I seem to have finally hit the “hey, this is actually pretty good” state on this book. Writing a book is a love/hate relationship. When you first get the idea, it’s the most brilliant thing ever and you’re madly in love with it. Then you start writing, and it loses its luster once it becomes reality. It’s not quite the book that was in your head, but you can’t seem to make it be the book that was in your head.
Then you hit the middle, when you’ve gone past all the initial ideas you’ve had but you’re not yet at the thing you had in mind for the ending, and you really start to hate it. Maybe it wasn’t such a great idea. What made you think you could write this thing? You don’t like the characters. You want to just scrap it and start over. This is when a lot of people give up, especially on first books. You realize writing isn’t fun all the time. It’s hard, and you’ve run out of enthusiasm. You start to doubt yourself. This is also when the Shiny New Ideas tend to hit, and you’re tempted to give up on the thing you’re working on that obviously isn’t going well to work on that Shiny New Idea that’s even better.
But you power through, and you get an energy surge that gets you to the end. Though, if you’re like me, you get impatient to get to the end and kind of skim through the conclusion, so that’s the first thing you have to go back and rewrite. Now you’re feeling pretty good. You have a whole book, and you think it might be pretty good.
Then you go back to rewrite/revise/edit, and that’s when you notice the plot holes, the repetitions (how many times did I use that word?), the little inconsistencies, the scenes that aren’t working. What were you thinking? Was that line supposed to be a joke? You wrote it, but you don’t get it. Hack, slash, change. It’s a mess. Who would want to read this? Maybe you should just start over.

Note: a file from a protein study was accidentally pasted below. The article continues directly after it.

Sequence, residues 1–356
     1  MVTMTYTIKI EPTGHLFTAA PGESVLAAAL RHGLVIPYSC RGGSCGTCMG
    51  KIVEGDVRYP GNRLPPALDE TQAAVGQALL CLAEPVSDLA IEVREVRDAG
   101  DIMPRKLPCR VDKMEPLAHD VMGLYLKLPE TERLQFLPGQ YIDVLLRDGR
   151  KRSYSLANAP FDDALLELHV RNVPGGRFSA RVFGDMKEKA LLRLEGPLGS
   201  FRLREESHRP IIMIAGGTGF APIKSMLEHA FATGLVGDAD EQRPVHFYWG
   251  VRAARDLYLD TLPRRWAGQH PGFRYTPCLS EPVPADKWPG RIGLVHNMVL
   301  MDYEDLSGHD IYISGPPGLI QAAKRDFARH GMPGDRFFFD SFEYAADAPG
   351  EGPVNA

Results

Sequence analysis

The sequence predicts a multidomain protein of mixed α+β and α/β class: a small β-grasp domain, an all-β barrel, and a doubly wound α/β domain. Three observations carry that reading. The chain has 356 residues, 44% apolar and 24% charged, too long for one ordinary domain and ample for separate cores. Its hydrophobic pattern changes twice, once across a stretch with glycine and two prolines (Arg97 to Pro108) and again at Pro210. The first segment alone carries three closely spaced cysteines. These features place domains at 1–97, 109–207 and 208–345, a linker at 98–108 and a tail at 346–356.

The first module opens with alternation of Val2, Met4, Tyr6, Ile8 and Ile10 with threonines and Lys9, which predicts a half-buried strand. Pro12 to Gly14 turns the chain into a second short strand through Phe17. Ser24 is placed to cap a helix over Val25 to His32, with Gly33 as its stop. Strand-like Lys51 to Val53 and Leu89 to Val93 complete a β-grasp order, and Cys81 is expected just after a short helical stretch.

And then, finally, you do one last read-through. I read it out loud so that I’m forced to really read every word. That does make me spot some things like repeated words or phrases, but on the whole, I find that I really like the story. I remember what I liked about the idea, and while it’s still not quite the perfect book that lived in my head before I started writing, it’s a good book. I love the characters and feel a little sad to leave them behind.
That’s where I am now. I’m starting to remember that I liked this idea, and I’m enjoying reading the book.
I’ve wondered if authors are ever tempted to go back to an old idea and try writing it again — the execution the first time was okay, but it wasn’t quite the book they really envisioned, and now that they’ve grown as a writer they could try again to get to what they initially thought that book would be, and it might come closer to that perfect vision this time. There have been authors who had similar books at different times in their career, but they came out very different. For instance, David Copperfield and Great Expectations have a very similar pattern and a lot of things in common, but are very different books at different points in Dickens’ career. Was that a case of him going back to an idea he’d already written and executing it differently? I think today people might accuse an author of being a hack with just one good idea, but it would be an interesting experiment.